03/20/2015

CDA's calls to fix Denti-Cal are heard


CDA's advocacy urging the state to fix the broken Denti-Cal program has captured the attention of lawmakers who expressed outrage in two legislative hearings about the program's failure to provide access to care due to glaring oversight issues and extremely low reimbursement rates.

CDA members testified at two joint oversight hearings of the Senate Health Committee, Assembly Health Committee and the Joint Legislative Audit Committees in March. The point was made at both hearings that the state must do better than having a Medicaid program that ranks at the bottom of the nation. The testimony resonated strongly with legislators, as those in attendance easily understood why dentists are unable to participate in the program.

"CDA is pleased that lawmakers clearly saw that the Department of Health Care Services is not upholding its responsibility to maintain a program that delivers timely access to care," said CDA President Walt Weber, DDS. "As I reflect on the hearing, it's clear that the work we have done in our communities throughout the state, such as CDA Cares, has helped legislators understand that dentists are not to blame for Denti-Cal's failures, and in fact, many provide Denti-Cal services at a loss to their practices."

A recent report by the California State Auditor titled Department of Health Care Services: Weaknesses in Its Medi-Cal Dental Program Limit Children's Access to Dental Care revealed fewer than half of California's children enrolled in Denti-Cal received dental care in 2013. The audit also pointed out that current provider reimbursement rates for the top 10 children's dental services paid in California are a mere 35 percent of the national average. Denti-Cal rates have not been increased since 2000-2001 and the program was further impacted by the 10 percent rate cut on certain services in 2011, with pediatric dental being one of the only services for children included in the cut.

"The state audit of the Denti-Cal program confirms that there are a number of reasons that access to dental care is so poor and it makes clear that extremely low reimbursement rates are a significant one," Weber told joint committee members at a March 4 Senate Health Committee, Assembly Health Committee hearing.

The Senate and Assembly Health Committees convened again with the Joint Legislative Audit Committee on March 17 to examine the Denti-Cal audit and program with the goal of exploring how the state can address the serious issues that impact access to care.

CDA member John Blake, DDS, executive director of the Children's Dental Health Clinic in Long Beach, testified at the hearing. His clinic treats approximately 9,000 children enrolled in Denti-Cal from counties all over Southern California.

"We are trying to raise funds through private grants to cover our costs -- which we can't rely on with any certainty and which most dental providers don't even have the capacity to attempt," Blake said. "In cases where we need to send patients elsewhere for more extensive treatment, oral surgery for example, we see families brought to tears on a regular basis because of how few options they have. Ultimately, the options that are available may include a waiting list that is multiple years long or traveling hundreds of miles."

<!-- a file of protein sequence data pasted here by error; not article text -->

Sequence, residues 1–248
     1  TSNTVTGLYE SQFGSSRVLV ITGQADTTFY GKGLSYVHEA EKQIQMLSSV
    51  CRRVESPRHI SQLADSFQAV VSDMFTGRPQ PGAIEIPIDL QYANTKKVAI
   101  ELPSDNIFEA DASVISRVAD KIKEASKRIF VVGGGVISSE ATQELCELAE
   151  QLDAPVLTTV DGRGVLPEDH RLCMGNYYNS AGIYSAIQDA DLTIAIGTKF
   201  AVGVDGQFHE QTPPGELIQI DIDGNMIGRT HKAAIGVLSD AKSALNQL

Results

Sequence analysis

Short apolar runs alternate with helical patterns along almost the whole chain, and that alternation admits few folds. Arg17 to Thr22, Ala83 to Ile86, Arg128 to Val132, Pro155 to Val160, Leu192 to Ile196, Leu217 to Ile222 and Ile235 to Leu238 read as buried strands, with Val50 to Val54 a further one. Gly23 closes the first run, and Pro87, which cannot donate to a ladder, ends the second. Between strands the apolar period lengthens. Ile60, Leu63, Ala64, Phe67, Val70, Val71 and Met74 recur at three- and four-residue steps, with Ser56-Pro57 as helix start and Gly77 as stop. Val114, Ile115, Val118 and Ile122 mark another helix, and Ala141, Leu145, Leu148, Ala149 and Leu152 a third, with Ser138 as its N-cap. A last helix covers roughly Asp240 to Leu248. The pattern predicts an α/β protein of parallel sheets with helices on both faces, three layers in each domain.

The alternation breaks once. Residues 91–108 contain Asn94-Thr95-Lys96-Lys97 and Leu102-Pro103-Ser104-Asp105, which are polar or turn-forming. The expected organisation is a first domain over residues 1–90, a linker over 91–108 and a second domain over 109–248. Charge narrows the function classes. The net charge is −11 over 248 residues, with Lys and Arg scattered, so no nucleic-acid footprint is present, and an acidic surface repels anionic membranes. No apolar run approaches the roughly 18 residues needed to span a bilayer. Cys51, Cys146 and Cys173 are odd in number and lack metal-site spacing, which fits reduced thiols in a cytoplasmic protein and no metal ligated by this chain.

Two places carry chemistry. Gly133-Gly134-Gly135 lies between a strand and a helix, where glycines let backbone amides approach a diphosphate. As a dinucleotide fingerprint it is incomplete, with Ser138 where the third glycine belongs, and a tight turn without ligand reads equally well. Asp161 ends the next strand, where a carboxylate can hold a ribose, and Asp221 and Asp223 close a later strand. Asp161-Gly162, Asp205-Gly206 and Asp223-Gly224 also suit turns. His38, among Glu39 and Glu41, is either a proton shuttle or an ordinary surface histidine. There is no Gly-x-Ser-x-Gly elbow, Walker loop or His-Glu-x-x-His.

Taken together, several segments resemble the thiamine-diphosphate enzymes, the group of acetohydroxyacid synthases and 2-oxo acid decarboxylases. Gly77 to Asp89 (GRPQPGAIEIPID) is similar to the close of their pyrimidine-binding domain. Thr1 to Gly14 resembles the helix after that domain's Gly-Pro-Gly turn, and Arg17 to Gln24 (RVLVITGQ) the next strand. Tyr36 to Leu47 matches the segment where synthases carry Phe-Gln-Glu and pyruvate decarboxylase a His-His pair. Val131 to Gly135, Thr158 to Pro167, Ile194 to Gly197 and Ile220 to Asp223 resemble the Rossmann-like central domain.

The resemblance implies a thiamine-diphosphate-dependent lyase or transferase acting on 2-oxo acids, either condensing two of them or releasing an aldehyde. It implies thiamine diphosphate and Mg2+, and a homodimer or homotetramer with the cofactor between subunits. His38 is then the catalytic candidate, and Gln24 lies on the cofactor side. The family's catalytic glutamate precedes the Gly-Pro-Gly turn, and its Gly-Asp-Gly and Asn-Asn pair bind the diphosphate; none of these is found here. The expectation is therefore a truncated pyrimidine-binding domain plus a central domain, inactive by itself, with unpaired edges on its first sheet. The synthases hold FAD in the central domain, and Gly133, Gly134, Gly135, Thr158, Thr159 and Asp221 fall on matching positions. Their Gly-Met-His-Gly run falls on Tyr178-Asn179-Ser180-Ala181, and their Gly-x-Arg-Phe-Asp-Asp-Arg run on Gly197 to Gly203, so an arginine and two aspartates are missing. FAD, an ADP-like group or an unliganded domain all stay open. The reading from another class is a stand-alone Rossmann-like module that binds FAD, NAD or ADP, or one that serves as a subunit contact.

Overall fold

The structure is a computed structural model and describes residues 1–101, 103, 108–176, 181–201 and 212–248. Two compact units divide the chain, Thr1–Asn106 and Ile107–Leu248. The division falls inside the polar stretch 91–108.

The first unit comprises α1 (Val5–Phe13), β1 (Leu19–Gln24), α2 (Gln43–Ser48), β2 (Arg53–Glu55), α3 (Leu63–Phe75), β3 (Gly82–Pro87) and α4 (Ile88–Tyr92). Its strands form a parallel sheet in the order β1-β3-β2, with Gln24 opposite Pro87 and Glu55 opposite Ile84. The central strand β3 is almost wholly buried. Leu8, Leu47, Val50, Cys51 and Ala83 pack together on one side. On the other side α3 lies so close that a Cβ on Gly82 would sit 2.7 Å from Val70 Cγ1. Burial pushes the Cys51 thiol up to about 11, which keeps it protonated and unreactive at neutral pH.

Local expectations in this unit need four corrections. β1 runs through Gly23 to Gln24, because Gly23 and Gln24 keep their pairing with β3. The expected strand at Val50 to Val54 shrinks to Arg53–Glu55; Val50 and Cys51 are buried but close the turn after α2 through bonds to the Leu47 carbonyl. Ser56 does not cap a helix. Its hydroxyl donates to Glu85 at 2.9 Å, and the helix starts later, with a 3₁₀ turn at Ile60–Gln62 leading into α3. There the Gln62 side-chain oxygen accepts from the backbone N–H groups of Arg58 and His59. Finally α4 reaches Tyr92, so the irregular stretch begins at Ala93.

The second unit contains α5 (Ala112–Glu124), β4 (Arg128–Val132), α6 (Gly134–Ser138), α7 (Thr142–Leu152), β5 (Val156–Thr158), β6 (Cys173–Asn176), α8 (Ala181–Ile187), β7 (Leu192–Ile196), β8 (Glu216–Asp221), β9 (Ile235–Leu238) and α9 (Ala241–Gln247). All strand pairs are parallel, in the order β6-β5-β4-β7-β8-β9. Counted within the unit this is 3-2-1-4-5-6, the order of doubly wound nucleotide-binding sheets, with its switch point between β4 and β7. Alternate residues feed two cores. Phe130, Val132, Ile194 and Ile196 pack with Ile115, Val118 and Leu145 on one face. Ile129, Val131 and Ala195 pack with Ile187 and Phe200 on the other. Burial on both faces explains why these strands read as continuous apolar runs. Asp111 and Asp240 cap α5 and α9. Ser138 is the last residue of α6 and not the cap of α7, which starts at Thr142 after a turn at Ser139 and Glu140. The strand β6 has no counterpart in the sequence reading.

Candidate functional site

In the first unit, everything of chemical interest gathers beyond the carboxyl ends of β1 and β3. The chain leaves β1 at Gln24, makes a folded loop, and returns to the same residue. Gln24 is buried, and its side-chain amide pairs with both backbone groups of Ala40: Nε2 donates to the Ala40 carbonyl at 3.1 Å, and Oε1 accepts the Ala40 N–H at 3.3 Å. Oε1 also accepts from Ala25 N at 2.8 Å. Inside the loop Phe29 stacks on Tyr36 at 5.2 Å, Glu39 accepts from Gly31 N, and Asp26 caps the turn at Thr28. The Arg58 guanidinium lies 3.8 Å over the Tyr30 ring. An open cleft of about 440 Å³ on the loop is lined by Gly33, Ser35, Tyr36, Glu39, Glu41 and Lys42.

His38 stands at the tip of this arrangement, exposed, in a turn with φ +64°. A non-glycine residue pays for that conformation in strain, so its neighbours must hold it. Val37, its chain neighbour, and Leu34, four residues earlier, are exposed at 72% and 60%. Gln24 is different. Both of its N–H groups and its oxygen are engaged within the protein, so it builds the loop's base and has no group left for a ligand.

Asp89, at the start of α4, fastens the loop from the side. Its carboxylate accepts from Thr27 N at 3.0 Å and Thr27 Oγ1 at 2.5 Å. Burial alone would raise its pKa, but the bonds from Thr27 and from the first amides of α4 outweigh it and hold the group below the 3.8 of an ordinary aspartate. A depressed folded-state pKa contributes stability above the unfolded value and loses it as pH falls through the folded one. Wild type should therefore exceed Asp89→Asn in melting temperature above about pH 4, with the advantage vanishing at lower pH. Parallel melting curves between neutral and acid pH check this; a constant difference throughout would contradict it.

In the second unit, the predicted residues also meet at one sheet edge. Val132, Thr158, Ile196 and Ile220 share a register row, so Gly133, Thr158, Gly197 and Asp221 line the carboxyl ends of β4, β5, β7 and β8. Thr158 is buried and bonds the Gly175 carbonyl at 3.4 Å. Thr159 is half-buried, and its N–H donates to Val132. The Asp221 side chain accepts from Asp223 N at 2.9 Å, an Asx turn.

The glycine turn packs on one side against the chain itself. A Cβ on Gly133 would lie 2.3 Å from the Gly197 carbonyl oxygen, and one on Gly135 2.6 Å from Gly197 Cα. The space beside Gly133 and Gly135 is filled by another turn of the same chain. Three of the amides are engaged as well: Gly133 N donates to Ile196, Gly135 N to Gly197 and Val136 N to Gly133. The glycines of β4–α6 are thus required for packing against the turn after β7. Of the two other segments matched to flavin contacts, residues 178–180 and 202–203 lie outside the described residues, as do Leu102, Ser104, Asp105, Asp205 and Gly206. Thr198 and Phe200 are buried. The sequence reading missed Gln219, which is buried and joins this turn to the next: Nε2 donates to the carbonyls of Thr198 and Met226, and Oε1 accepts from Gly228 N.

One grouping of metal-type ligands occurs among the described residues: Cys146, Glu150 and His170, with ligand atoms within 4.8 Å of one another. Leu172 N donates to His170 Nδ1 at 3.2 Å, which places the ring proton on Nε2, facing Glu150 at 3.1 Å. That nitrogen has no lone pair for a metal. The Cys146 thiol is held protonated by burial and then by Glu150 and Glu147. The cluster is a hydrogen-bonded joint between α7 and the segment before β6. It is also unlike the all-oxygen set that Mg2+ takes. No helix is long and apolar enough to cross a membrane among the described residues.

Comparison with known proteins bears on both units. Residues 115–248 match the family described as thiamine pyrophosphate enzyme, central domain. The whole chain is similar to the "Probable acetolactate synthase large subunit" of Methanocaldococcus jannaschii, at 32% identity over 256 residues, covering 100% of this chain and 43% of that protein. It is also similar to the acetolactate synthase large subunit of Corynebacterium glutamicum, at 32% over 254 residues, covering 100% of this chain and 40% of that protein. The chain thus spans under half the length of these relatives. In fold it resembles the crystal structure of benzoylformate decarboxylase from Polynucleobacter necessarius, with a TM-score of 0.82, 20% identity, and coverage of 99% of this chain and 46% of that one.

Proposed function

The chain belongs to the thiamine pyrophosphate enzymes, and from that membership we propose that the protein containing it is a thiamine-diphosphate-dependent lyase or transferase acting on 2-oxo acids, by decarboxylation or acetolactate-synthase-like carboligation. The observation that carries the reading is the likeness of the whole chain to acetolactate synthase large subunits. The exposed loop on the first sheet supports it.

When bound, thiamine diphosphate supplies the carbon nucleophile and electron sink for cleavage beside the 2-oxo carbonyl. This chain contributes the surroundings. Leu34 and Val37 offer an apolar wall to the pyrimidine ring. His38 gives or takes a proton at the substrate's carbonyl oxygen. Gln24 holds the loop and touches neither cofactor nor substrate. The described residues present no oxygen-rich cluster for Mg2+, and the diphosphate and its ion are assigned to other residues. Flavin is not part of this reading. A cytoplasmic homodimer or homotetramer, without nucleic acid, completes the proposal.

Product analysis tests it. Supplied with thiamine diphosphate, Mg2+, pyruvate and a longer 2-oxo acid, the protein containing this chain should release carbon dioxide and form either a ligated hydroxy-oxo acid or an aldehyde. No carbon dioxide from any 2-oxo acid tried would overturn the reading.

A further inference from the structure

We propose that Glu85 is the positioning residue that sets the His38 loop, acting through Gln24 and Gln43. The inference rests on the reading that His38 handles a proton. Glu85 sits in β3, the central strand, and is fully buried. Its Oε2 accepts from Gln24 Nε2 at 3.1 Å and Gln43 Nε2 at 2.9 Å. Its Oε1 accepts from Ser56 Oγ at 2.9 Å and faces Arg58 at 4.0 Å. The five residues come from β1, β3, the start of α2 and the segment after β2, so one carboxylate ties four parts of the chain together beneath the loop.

Blake laid out some of CDA's recommendations for how to fix the problem. First, that the state establish criteria that allows for a legitimately accurate assessment of true access to timely care, which would include an accurate directory of active providers in the network and accounts for variations in locale and how many patients a dentist can treat per month. Secondly, the state must substantially increase Denti-Cal reimbursement rates starting this year to allow dentists and clinics like Blake's to serve more patients.

"Without rate increases, my clinic will be cutting critical staff and reducing our comprehensive services," Blake said. "Rates have only gone down over the last 15 years. That's simply not reasonable in a state with such a large and rapidly increasing Denti-Cal population."

Increasing reimbursement rates to providers has led to increases in utilization and network size in other states over the last 10 years. For example, Maryland provided targeted rate increases and increased the number of children receiving access to dental care from 44 percent to 64 percent; they also saw a 62 percent increase in provider participation. Similarly, Virginia increased its provider rates by 28 percent and the percent of children accessing dental services increased from 24 percent to 56 percent. Virginia also saw a 145 percent increase in dentists participating in the network.

This is at a time when the state has added millions of children and adults to the Denti-Cal system -- through the Healthy Families transition, the addition of adult dental care back into the Medi-Cal program and the Medicaid expansion as a result of the Affordable Care Act.

Last year, the state budget included funding that partially restored adult Denti-Cal benefits with a proposed annual cost of $77 million to the state budget. The coverage includes preventive care, restorations and full dentures, but that funding covers a mere fraction of the need.

"We applaud the state for its successful efforts to expand dental coverage to millions of Californians through the ACA's Medicaid expansion and the restoration of adult dental benefits last year, but without substantive action this year, the benefits for these newly enrolled patients will be illusory," Weber said.

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